Q: How can church boards and pastors learn to trust each other? How is trust built?
A: The level of trust may determine whether your church board thrives or flounders. Teams that are characterized by high trust are most often also characterized by other critical elements such as unity, cohesiveness, productivity, even fun. However, while high trust can grow a team beyond expectations, low trust can fracture a team beyond recognition.
To foster trust, pastors should start with their own roles as leaders. The pastor's intimacy with Christ and his or her commitment to leadership make up the foundation of the church's effectiveness generally, and the board's specifically. Second, consider the board as a team.
Whether you read your Bible or a secular management journal, you'll find a few key characteristics for developing trust. The first is integrity, which should be no surprise. The second is vision, particularly in the face of hardship. The third is transparency.
Joseph built trust through integrity. Who he was in the darkness of prison was the same as who he was in the light of leadership. Moses developed trust by being steadfast in storms, demonstrating a pure faith in God and a focused vision while navigating big obstacles. Paul faced his failure, refusing to pretend, while at the same time recognizing the power of God to act through him.
For church boards as teams, trust grows out of intimate prayer together, a clear frequently communicated vision, and relationship building, in that order.
Boards must pray together, carefully and meaningfully. Consider meetings where prayer is the primary agenda item. There are many reasons why this is important, from the fact that it reflects obedience to the relationship-building (and, therefore, trust-building) power of corporate prayer.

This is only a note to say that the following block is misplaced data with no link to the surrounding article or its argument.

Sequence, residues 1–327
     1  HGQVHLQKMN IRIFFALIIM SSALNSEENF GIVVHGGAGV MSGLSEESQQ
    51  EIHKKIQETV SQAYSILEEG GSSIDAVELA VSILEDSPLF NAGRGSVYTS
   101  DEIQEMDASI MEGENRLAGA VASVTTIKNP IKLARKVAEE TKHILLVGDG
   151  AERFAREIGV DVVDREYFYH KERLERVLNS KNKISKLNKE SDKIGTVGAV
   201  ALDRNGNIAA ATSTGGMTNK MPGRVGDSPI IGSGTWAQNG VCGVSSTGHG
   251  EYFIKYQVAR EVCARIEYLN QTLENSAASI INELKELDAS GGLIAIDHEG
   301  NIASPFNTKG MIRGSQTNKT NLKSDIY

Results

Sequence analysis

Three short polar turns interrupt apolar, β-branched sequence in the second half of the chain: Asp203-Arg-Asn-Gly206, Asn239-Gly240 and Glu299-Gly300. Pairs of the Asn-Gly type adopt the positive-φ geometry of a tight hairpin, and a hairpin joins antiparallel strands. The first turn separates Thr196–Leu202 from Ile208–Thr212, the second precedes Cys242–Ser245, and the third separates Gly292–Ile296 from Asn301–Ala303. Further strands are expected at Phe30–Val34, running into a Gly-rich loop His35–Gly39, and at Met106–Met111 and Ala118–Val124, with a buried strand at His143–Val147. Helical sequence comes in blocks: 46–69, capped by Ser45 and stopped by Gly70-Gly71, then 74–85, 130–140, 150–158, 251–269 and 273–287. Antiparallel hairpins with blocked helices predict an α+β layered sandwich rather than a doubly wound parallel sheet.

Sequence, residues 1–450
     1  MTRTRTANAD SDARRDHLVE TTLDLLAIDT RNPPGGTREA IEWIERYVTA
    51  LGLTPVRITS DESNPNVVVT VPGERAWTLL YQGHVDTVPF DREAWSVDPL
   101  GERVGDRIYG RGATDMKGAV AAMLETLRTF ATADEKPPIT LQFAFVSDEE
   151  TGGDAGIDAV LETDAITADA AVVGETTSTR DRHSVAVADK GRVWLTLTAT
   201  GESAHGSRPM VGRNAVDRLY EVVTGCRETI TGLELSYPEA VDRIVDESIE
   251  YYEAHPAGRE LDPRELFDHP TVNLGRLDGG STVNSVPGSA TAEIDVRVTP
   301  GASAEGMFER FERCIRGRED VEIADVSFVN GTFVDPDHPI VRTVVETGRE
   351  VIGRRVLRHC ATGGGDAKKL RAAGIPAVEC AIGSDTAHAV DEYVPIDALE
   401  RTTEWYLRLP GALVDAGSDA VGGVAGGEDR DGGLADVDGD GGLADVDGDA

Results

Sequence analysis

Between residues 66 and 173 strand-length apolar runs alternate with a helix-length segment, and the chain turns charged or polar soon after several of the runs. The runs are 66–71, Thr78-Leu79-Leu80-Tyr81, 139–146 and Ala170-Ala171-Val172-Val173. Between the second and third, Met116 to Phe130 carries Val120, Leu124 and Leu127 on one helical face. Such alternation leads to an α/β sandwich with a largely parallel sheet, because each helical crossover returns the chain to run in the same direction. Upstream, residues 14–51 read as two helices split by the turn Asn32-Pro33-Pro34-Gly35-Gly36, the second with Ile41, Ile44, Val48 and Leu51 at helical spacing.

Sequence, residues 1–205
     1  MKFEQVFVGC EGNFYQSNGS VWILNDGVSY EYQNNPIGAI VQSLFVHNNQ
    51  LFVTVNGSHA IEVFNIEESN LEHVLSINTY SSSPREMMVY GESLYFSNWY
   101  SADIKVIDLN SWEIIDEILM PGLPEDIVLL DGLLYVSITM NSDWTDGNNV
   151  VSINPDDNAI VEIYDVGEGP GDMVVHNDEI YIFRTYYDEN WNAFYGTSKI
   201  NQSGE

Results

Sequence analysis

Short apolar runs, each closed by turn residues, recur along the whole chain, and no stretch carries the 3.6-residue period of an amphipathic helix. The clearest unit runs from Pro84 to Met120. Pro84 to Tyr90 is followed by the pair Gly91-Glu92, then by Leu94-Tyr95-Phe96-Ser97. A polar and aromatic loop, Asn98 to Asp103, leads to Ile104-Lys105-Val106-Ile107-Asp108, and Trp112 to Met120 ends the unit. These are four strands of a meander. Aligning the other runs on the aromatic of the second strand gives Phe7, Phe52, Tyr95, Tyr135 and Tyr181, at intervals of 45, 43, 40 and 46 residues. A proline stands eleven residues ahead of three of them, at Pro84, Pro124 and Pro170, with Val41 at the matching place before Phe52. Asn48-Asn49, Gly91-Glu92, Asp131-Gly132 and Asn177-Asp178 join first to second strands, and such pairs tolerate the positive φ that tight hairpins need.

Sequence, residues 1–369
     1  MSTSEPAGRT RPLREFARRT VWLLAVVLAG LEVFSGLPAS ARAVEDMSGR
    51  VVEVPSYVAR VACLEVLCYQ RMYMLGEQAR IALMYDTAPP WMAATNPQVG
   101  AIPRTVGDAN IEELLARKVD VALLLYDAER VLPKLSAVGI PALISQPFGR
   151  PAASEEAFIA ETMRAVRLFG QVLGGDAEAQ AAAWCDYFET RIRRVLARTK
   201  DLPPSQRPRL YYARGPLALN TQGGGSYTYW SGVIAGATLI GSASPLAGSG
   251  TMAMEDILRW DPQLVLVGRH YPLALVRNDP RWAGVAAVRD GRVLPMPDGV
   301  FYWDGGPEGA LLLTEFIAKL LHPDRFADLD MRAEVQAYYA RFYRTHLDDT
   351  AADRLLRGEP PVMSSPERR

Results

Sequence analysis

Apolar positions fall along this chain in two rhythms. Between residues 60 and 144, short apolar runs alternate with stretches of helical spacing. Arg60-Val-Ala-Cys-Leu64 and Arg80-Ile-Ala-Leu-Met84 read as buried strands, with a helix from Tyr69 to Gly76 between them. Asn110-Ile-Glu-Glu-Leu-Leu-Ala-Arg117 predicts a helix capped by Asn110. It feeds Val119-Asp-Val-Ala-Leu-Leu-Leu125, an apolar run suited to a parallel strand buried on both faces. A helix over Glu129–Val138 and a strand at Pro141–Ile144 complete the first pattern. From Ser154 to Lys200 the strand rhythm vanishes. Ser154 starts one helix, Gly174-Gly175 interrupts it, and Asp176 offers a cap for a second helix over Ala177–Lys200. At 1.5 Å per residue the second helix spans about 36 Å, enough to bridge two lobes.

Next, there must be a single, crystal-clear unifying vision that is communicated frequently. Each board member should be able to state succinctly the specific purpose of the church, whether this is referred to as 'mission' or 'vision,' as well as the board's purpose. Board members should be able to answer the 'Why are we here?' question.
Finally, boards must strike a balance between relationship-focus and task-focus. Church boards should eat, laugh, and play together (building relationships), and they should set and accomplish goals (getting things done). Both must occur to build trust.
What if trust is broken? All of the above apply, of course. The bad news is that trust is easy to break and tough to build.
The good news is that it's never too late to 'start over.' If there is a lack of trust, don't ignore it (and you'd be surprised at how many teams do just that). Instead, start right there, making rebuilding trust the board's first purpose.
Brian Charette is the associate vice president for university planning and analysis and an adjunct faculty member in the College of Business at James Madison University in Harrisonburg, Virginia. He is a member of Harrisonburg First Church of the Nazarene.